Highlights From the North American Society for the Study of Obesity Annual Meeting: A Physician's View

Raymond A. Plodkowski, MD

Disclosures

December 01, 2003

In This Article

Pharmacologic Therapy for Weight Loss

For obese patients (BMI ≥ 30 kg/m2 or ≥ 27 kg/m2 if comorbidities exist) who have failed traditional methods of lifestyle modification with reduced caloric intake and increased physical activity, weight-loss medications are an option. It should be noted that weight-loss medications should only be used for limited amounts of time. Furthermore, if proper nutrition and exercise habits are not in place, the vast majority of patients will regain weight after discontinuing the medication. In addition to 2 popular drugs that have been approved by the US Food and Drug Administration (FDA) -- sibutramine[29] and orlistat[30] -- new evidence is emerging regarding other medications that cause weight loss.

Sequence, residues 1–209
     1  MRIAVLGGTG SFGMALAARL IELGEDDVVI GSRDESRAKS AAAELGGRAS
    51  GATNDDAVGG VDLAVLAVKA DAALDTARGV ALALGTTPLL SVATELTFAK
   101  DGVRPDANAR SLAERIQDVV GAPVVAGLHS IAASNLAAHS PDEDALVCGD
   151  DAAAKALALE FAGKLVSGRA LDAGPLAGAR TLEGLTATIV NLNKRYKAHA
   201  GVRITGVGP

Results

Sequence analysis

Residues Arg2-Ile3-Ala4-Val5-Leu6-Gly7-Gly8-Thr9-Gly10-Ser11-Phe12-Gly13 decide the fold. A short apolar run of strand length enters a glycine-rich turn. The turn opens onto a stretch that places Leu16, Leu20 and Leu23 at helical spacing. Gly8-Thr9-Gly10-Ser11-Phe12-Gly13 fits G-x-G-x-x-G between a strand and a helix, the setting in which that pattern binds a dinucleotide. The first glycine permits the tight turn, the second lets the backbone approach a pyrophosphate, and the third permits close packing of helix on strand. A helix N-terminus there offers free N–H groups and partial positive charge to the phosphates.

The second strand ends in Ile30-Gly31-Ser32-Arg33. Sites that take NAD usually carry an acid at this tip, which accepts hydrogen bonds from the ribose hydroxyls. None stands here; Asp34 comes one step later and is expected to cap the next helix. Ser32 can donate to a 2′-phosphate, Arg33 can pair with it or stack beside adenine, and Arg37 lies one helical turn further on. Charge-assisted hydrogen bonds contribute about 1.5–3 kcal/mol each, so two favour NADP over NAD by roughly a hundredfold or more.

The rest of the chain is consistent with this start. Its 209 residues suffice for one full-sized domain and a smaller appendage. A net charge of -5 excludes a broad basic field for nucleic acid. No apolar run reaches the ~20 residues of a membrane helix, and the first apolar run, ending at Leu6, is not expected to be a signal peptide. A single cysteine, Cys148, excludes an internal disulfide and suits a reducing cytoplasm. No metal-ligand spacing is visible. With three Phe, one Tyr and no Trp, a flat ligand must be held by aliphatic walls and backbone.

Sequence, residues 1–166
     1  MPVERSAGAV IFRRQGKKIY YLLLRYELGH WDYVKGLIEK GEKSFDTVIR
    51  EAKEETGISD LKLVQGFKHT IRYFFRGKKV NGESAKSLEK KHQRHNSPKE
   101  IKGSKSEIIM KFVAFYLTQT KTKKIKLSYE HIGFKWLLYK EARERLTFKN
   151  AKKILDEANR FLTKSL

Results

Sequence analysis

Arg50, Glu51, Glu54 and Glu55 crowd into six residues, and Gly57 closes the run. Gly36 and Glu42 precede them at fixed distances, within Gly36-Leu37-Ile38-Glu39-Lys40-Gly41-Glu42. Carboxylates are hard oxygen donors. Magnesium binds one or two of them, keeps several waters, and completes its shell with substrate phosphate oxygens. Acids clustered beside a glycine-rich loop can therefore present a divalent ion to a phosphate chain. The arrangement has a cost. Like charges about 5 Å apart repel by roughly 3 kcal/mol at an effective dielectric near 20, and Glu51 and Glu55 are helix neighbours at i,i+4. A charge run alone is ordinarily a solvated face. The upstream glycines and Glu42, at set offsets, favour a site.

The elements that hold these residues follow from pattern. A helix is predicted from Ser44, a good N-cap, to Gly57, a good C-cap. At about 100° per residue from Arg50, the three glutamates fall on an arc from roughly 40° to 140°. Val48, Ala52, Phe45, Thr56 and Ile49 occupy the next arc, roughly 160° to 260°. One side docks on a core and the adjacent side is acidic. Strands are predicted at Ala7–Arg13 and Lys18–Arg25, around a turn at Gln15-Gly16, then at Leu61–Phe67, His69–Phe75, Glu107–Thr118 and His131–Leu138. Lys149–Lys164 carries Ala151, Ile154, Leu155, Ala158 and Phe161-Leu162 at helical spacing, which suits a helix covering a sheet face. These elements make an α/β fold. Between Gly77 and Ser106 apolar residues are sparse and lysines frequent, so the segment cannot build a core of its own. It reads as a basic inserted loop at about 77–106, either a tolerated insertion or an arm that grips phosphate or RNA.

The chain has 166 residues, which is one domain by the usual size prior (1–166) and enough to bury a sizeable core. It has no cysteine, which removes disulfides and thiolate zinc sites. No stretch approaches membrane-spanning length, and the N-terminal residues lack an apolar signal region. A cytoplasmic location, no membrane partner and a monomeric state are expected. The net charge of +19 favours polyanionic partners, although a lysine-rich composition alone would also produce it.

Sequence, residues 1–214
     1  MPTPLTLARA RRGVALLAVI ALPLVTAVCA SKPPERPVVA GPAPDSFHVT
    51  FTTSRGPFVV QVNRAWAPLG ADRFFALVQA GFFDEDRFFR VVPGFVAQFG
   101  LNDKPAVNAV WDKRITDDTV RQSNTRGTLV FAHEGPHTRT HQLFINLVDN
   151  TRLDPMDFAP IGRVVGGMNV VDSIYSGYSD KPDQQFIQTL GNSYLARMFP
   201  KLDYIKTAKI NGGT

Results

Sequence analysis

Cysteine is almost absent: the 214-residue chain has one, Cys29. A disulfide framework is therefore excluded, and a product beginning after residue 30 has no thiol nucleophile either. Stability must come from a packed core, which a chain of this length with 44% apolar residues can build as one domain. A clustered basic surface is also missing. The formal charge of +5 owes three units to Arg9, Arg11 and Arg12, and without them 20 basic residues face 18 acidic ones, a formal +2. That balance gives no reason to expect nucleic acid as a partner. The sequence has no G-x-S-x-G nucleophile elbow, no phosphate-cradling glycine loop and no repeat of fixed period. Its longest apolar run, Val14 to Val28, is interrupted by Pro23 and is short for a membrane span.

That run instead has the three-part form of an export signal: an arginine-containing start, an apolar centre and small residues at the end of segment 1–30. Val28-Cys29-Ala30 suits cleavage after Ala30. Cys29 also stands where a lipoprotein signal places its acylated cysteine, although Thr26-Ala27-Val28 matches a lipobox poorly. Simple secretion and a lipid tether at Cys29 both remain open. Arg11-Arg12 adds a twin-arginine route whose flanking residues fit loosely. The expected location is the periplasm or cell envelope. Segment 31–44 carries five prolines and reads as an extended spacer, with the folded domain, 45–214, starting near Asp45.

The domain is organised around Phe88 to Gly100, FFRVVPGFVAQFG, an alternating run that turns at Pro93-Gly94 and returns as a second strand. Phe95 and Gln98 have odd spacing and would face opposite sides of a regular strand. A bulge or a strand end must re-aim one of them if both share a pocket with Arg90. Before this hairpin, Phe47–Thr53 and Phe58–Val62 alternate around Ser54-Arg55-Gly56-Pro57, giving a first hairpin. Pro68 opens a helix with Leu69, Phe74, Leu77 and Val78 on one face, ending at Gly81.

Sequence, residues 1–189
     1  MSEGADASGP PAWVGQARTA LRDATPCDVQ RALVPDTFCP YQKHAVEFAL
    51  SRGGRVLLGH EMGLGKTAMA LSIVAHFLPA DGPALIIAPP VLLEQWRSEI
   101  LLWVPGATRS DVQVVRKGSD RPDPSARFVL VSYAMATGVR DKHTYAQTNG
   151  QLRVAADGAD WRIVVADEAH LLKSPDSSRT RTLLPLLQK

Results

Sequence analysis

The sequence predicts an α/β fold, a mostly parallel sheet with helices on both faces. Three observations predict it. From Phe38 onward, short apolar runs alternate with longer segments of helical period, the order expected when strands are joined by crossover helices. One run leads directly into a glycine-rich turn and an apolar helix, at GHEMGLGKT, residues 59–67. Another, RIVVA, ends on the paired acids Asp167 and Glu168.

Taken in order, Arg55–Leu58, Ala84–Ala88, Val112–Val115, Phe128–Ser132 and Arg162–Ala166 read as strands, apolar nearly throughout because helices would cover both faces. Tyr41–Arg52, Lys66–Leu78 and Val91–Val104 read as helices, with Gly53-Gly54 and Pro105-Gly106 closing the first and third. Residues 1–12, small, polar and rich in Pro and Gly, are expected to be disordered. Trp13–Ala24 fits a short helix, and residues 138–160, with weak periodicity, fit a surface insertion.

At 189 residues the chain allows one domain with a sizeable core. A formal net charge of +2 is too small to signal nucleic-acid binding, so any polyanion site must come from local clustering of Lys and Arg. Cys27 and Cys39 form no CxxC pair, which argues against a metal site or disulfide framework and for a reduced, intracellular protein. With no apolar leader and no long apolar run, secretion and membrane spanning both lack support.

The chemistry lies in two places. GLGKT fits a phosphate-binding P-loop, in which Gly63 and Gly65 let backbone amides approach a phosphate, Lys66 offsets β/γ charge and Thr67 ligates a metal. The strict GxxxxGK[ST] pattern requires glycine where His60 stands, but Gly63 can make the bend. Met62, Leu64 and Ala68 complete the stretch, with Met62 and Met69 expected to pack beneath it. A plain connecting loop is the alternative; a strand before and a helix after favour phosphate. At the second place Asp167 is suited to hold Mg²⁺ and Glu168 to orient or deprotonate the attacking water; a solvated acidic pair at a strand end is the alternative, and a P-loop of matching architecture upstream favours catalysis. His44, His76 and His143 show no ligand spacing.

There was much excitement expressed and several studies presented at NAASO that explored topiramate as a possible weight-loss medication. Topiramate is a drug approved by the FDA as an anticonvulsant for seizure disorders; however, it also appears to induce weight loss. One study examined the effects of topiramate on body fat after a low-calorie diet induced weight loss.[31] Obese subjects (BMI ≥ 30 and ≤ 50 kg/m2) who lost 8% of their weight after 8 weeks of 800-1000 kcal/day diet were randomized to receive placebo, 96 mg topiramate daily, or 192 mg topiramate daily. After 32 weeks, the changes in body weight in the placebo, 96-mg, and 192-mg groups were -11.2%, -16.3% (P ≤ .001), and -17.3% (P ≤ .001), respectively. The patients also had visceral abdominal fat (VAF) measured by MRI, and after 32 weeks, the changes in VAF in the placebo, 96-mg, and 192-mg groups were -27.1%, -36.7% (P ≤ .001), and -34.7% (P ≤ .001), respectively. The most common CNS-related adverse events were paresthesia, fatigue, dizziness, memory difficulty, concentration difficulty, and depression. The manufacturer is currently developing a formulation to enhance tolerability.

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